Social Security COLA increase

2022 Social Security Cola Increase: How Much More Will You Receive?

The Social Security Administration (SSA) recently announced that it will increase social security benefits by 2% in January 2022, compared to January 2021. This represents the biggest increase in monthly social security benefits in many years, which is welcome news to older Americans who rely on their monthly payments as a vital source of income to supplement other retirement savings and make ends meet during their later years of life. But what does this mean for the average American? Will you be receiving more money from Social Security in 2022 than you do today? How much more money will you receive, and what about your spouse?

Social Security COLA Increase

What is the Social Security COLA – Cost of Living Adjustment
Each year, the federal government adjusts the minimum amount of income a person needs to maintain their standard of living with the number of dollars it takes to reach that. For those collecting social security benefits, this may result in higher monthly payments or lower taxes.
The 2022 Social Security cola increase will see beneficiaries receiving an additional $41 per month. The higher COLA is based on data from the Consumer Price Index, which calculates fluctuations in prices for goods and services as compared to previous years. In 2019, about half of retirees reported that they were not able to adequately cover their monthly expenses because their retirement income was inadequate.

How Is the COLA Calculated
It is important to know how the COLA is calculated. Each year, the Social Security Administration calculates a Cost of Living Adjustment, or COLA, which increases a retiree’s monthly payments.

They take into account inflation and wages to determine whether they will increase or decrease payments in order to keep up with current economic conditions. The key variable for calculating a COLA is the Consumer Price Index vs Wages (CPI- W), which measures inflation from one year to the next.

When Are Cost-of-Living Increases Paid
The 2019 Social Security Cost-of-Living Adjustment (COLA) will be 2.8%, increasing benefits by about $1,400 for most recipients. The COLA is calculated each year to adjust benefits for inflation. For 2020, the estimated COLA is 2%.

The next estimated COLA of 2% will be applied in 2022. This means that benefits would increase by about $1,440 for the average beneficiary in 2023 and $1,800 for a high earner (over $1 million).

Who Gets the Increases
Only retirees and their survivors who are receiving benefits from the Old Age, Survivors, and Disability Insurance (OASDI) will see an increase in their monthly payments starting next year. They’ll receive a 3.6% cost-of-living adjustment for those on the retirement program (except for survivor’s benefits) and a 2.8% COLA for those who receive disability or survivorship benefits.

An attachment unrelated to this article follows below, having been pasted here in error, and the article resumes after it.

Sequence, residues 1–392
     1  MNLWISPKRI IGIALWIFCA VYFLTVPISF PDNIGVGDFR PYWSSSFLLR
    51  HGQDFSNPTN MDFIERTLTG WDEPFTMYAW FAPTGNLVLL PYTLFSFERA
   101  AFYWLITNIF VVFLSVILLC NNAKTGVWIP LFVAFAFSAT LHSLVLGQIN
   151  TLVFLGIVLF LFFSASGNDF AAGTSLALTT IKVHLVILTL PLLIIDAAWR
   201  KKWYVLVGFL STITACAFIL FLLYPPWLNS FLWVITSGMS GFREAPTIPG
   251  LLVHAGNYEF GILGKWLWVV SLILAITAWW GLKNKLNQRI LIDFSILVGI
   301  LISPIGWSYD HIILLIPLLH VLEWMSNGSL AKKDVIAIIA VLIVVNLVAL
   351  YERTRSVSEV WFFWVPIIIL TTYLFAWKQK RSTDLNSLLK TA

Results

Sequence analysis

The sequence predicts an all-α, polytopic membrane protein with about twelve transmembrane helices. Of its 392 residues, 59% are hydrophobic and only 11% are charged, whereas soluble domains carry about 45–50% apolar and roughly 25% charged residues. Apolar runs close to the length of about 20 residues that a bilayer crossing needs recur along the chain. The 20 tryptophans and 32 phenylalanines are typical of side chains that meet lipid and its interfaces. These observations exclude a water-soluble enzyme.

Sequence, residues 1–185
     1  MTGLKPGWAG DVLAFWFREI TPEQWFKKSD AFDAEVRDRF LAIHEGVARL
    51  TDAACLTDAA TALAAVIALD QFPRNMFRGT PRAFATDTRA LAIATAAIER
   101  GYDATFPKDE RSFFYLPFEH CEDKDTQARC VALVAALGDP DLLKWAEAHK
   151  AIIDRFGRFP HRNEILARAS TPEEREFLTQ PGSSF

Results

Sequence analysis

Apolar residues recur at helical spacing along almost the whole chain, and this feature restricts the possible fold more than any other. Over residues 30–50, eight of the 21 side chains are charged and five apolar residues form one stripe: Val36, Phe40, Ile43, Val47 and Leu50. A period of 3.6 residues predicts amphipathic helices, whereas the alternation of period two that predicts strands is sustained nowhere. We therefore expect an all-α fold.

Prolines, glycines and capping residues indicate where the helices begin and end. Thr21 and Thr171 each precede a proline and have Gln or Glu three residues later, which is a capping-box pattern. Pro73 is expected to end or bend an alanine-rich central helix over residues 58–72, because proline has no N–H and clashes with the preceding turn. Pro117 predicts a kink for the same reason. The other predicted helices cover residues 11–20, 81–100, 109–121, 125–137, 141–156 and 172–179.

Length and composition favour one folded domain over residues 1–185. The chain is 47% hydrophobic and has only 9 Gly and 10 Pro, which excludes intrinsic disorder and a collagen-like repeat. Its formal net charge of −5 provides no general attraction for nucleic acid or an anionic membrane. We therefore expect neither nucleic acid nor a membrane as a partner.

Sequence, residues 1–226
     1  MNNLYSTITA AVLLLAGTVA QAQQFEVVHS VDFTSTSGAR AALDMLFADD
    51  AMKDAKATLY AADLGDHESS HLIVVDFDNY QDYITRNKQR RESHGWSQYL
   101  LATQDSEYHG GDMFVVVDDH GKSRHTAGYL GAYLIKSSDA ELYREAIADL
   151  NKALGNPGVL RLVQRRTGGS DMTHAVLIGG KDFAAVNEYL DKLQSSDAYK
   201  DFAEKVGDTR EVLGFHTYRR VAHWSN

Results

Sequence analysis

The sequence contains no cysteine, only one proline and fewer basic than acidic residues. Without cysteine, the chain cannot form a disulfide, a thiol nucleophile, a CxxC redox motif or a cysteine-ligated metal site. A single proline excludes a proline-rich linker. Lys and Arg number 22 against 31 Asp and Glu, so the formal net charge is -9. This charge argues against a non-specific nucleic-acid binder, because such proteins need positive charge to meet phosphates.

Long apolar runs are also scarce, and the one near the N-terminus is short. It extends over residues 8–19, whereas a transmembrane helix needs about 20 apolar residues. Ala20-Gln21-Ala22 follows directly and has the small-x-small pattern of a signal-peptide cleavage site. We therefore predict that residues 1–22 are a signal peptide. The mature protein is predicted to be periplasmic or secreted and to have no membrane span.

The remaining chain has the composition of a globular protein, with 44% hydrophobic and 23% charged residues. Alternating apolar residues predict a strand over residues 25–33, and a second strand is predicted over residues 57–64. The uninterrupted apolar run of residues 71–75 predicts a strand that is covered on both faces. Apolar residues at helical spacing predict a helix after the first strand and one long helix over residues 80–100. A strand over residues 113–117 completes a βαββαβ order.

It’ll be your first 3% or higher increase since 2012 and only your second one since 2002. This doesn’t mean you’ll get any more money than you already are; it just means that each month you get a little more because inflation is catching up to what was supposed to happen years ago.

What will the COLA increase be for 2023?
The COLA increase for 2023 is set to be 2.8%. This means if you make $1,000 a month in 2023, you will receive $1,028 per month in 2023, which is an increase of $28. If you make $2,000 a month in 2023, your monthly salary would increase by $56. If you earn $3,000 a month, the raise would be approximately $84.

These are The 38 States that Do Not Tax Social Security Pensions
Many workers do not know that their Social State Security retirement benefits are taxable for retirees who live in these 38 states. The states are Alabama, Alaska, California, Connecticut, Georgia, Illinois, Kansas, Maine, Massachusetts (exempt for teachers), Mississippi (limited exemption), Nebraska (limited exemption), New Mexico (limited exemption), Ohio (limited exemption), Oklahoma, Pennsylvania, and Virginia, etc(total of 38 States, list down below).

Remember to include these amounts when calculating taxes on your return. For example: if you live in California and retired this year you may owe $2 more a month in state taxes next year because of the increase to be calculated as a percentage of what you received in SS benefits.
The fact is that many people don’t understand how State income tax laws apply to their individual circumstances.

States That DO NOT Tax SS Pensions

Bottom Line
The final step in our series about the social security cut cola increase for 2022 was to look at how much more you can expect to receive, as a lump sum payment, than in years past.

Now that we have seen what this means for your income statement and your retirement account, let’s see how it would affect your check if you still worked full-time and were eligible for retirement benefits this year.

In general, you can expect an additional $1.70 each month in addition to any other earnings. However, some people may need a few extra cents or even a dollar or two more per month in order to cover their increased out-of-pocket costs–things such as prescriptions and home utilities.

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